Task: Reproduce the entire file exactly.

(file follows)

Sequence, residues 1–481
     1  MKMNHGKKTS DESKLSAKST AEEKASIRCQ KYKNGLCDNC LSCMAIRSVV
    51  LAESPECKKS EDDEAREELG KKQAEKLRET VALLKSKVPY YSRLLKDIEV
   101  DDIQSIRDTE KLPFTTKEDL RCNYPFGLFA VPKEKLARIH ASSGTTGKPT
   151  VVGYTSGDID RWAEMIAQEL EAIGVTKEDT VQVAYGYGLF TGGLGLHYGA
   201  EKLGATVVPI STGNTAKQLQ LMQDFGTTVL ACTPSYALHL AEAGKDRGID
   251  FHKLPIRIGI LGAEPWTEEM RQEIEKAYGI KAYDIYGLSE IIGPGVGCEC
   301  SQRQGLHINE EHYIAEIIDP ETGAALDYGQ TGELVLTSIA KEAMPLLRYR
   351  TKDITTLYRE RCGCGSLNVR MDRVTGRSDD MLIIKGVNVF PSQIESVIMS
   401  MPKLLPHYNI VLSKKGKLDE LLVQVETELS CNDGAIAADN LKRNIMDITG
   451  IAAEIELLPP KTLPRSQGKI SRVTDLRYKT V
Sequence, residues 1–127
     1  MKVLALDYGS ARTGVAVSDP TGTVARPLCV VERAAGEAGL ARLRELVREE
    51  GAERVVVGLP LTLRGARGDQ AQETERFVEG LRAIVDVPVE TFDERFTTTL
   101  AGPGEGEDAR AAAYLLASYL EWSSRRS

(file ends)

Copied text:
Sequence, residues 1–481
     1  MKMNHGKKTS DESKLSAKST AEEKASIRCQ KYKNGLCDNC LSCMAIRSVV
    51  LAESPECKKS EDDEAREELG KKQAEKLRET VALLKSKVPY YSRLLKDIEV
   101  DDIQSIRDTE KLPFTTKEDL RCNYPFGLFA VPKEKLARIH ASSGTTGKPT
   151  VVGYTSGDID RWAEMIAQEL EAIGVTKEDT VQVAYGYGLF TGGLGLHYGA
   201  EKLGATVVPI STGNTAKQLQ LMQDFGTTVL ACTPSYALHL AEAGKDRGID
   251  FHKLPIRIGI LGAEPWTEEM RQEIEKAYGI KAYDIYGLSE IIGPGVGCEC
   301  SQRQGLHINE EHYIAEIIDP ETGAALDYGQ TGELVLTSIA KEAMPLLRYR
   351  TKDITTLYRE RCGCGSLNVR MDRVTGRSDD MLIIKGVNVF PSQIESVIMS
   401  MPKLLPHYNI VLSKKGKLDE LLVQVETELS CNDGAIAADN LKRNIMDITG
   451  IAAEIELLPP KTLPRSQGKI SRVTDLRYKT V
Sequence, residues 1–127
     1  MKVLALDYGS ARTGVAVSDP TGTVARPLCV VERAAGEAGL ARLRELVREE
    51  GAERVVVGLP LTLRGARGDQ AQETERFVEG LRAIVDVPVE TFDERFTTTL
   101  AGPGEGEDAR AAAYLLASYL EWSSRRS